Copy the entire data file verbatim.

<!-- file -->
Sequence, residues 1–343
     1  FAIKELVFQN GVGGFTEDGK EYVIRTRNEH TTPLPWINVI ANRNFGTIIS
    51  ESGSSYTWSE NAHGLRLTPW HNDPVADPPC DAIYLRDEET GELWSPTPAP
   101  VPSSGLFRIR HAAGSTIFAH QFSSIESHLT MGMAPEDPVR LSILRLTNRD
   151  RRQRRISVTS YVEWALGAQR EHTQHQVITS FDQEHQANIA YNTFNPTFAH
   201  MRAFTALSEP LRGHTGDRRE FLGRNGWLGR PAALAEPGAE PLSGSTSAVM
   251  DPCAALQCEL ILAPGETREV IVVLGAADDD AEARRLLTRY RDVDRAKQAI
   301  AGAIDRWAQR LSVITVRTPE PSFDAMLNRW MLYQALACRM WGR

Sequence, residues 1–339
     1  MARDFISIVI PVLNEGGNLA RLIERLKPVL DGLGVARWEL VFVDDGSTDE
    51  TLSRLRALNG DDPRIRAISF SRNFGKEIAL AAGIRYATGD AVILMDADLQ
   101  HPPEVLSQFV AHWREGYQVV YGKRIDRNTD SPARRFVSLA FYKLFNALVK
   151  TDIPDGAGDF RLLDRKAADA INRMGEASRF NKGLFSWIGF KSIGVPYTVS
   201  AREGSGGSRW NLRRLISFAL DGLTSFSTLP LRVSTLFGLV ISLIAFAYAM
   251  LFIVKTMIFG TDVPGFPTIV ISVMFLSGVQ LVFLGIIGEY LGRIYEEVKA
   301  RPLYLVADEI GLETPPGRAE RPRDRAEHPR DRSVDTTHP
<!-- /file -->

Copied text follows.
Sequence, residues 1–343
     1  FAIKELVFQN GVGGFTEDGK EYVIRTRNEH TTPLPWINVI ANRNFGTIIS
    51  ESGSSYTWSE NAHGLRLTPW HNDPVADPPC DAIYLRDEET GELWSPTPAP
   101  VPSSGLFRIR HAAGSTIFAH QFSSIESHLT MGMAPEDPVR LSILRLTNRD
   151  RRQRRISVTS YVEWALGAQR EHTQHQVITS FDQEHQANIA YNTFNPTFAH
   201  MRAFTALSEP LRGHTGDRRE FLGRNGWLGR PAALAEPGAE PLSGSTSAVM
   251  DPCAALQCEL ILAPGETREV IVVLGAADDD AEARRLLTRY RDVDRAKQAI
   301  AGAIDRWAQR LSVITVRTPE PSFDAMLNRW MLYQALACRM WGR

Sequence, residues 1–339
     1  MARDFISIVI PVLNEGGNLA RLIERLKPVL DGLGVARWEL VFVDDGSTDE
    51  TLSRLRALNG DDPRIRAISF SRNFGKEIAL AAGIRYATGD AVILMDADLQ
   101  HPPEVLSQFV AHWREGYQVV YGKRIDRNTD SPARRFVSLA FYKLFNALVK
   151  TDIPDGAGDF RLLDRKAADA INRMGEASRF NKGLFSWIGF KSIGVPYTVS
   201  AREGSGGSRW NLRRLISFAL DGLTSFSTLP LRVSTLFGLV ISLIAFAYAM
   251  LFIVKTMIFG TDVPGFPTIV ISVMFLSGVQ LVFLGIIGEY LGRIYEEVKA
   301  RPLYLVADEI GLETPPGRAE RPRDRAEHPR DRSVDTTHP